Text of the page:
I drove by my son’s high school a few weeks ago and with all the vibrancy of youth, a group of teens was gathered out front. Sort of off to the side, as smoking is not allowed on school property but obviously students all the same. They laughed together as they chugged their chocolate milk and took quick drags off the cigarettes that banished them to sights unseen by school officials. Out of sight, out of mind, I guess. What struck me about this little tableau was the dichotomy of the situation. The innocence of the chocolate milk coupled with the insidiousness of the cigarettes.
These young people haven’t grown up in an era where doctors actively promoted certain brands of cigarettes as the healthier choice. They haven’t had to learn the hard way about the hidden poisons that saturate the once innocuous tobacco leaves and the unknown ravages on the body. They haven’t grown up with smoking being glamorized in movies, TV shows and magazines so that you felt you had no choice. What they have grown up with is the cold hard facts of cancer, lung disease, osteoporosis and the myriad other nasties associated with smoking that are not so hidden any more. And yet, somehow, they’ve chosen to start their day with cyanide and chocolate milk.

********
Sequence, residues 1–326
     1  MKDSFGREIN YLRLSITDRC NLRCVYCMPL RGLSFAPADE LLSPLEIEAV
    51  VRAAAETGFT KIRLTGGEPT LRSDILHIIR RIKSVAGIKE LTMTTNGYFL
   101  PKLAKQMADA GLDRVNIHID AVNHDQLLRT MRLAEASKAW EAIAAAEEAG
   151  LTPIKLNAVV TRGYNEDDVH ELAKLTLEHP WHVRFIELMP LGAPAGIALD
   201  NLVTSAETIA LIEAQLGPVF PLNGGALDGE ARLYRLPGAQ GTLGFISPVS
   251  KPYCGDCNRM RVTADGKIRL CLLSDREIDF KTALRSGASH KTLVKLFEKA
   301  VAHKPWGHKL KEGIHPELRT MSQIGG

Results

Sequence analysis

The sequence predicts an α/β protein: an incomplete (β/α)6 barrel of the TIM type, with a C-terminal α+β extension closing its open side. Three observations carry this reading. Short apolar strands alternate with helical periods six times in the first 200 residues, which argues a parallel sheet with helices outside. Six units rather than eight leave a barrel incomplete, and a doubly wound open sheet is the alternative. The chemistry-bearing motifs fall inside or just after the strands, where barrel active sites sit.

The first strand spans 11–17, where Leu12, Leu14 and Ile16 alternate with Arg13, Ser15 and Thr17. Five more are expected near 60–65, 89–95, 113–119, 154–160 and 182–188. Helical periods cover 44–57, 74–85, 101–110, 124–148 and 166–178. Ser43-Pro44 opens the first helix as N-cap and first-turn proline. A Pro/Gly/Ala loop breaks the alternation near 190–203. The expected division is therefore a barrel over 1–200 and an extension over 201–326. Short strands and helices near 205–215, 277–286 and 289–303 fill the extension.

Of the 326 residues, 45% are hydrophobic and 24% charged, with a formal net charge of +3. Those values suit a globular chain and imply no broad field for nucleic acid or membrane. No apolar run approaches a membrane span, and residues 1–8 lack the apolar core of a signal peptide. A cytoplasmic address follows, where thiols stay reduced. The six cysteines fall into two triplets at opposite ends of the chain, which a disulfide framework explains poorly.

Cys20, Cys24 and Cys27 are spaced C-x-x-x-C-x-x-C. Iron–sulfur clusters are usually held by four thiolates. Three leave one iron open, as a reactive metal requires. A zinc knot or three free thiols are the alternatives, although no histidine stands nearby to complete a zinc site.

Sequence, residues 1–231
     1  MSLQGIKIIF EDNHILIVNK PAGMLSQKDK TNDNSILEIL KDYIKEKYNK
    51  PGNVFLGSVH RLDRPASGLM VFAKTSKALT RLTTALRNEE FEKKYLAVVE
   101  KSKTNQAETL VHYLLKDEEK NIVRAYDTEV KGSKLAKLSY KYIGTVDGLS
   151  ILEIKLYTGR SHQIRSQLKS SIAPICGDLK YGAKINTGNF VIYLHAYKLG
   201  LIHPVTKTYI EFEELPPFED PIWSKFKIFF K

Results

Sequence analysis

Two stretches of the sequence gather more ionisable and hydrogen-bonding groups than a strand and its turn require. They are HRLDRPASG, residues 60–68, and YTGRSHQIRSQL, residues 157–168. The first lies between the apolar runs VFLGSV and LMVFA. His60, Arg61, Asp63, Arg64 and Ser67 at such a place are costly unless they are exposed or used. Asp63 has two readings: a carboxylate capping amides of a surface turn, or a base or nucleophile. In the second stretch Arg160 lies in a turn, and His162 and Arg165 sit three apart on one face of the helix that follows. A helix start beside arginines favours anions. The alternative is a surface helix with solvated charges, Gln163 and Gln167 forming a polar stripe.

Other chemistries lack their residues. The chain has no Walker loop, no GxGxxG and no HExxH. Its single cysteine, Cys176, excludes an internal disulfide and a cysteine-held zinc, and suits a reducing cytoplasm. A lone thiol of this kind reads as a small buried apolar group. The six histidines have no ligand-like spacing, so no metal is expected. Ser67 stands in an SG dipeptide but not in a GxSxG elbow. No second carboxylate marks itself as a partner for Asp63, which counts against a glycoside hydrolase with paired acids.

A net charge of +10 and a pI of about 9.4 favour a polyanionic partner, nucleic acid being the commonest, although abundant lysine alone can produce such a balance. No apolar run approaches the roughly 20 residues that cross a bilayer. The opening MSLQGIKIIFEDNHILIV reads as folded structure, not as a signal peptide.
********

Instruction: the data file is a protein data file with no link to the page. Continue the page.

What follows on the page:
What surprises me even more is that the very store where these kids get their mocha moo-juice is the same store where they get their sticks of formaldehyde. Or at least someone gets them for them as they didn’t look a day over 17. They are choosing to brittle the very bones that their sweet treat could be building up. They are choosing to age prematurely at a time in their life where looks are everything. I’m sure the head shake that any reasonable person would exhibit when seeing this would be met with looks of disdain. What do we know anyway ? Our wrinkles are already here.
Maybe it’s what we know, and the fact that we ALL know it, that contributes to the shake. Maybe it’s the fact that at their very fingertips, tucked safely in their pocket or purse, is access to information that only one generation ago required a visit to a library. Now it’s as simple as sliding across a screen that’s no bigger than the cigarette pack taking up real estate in these same pockets and purses. In an age where all generations have access to information isn’t it ironic that it still comes down to out of sight, out mind ?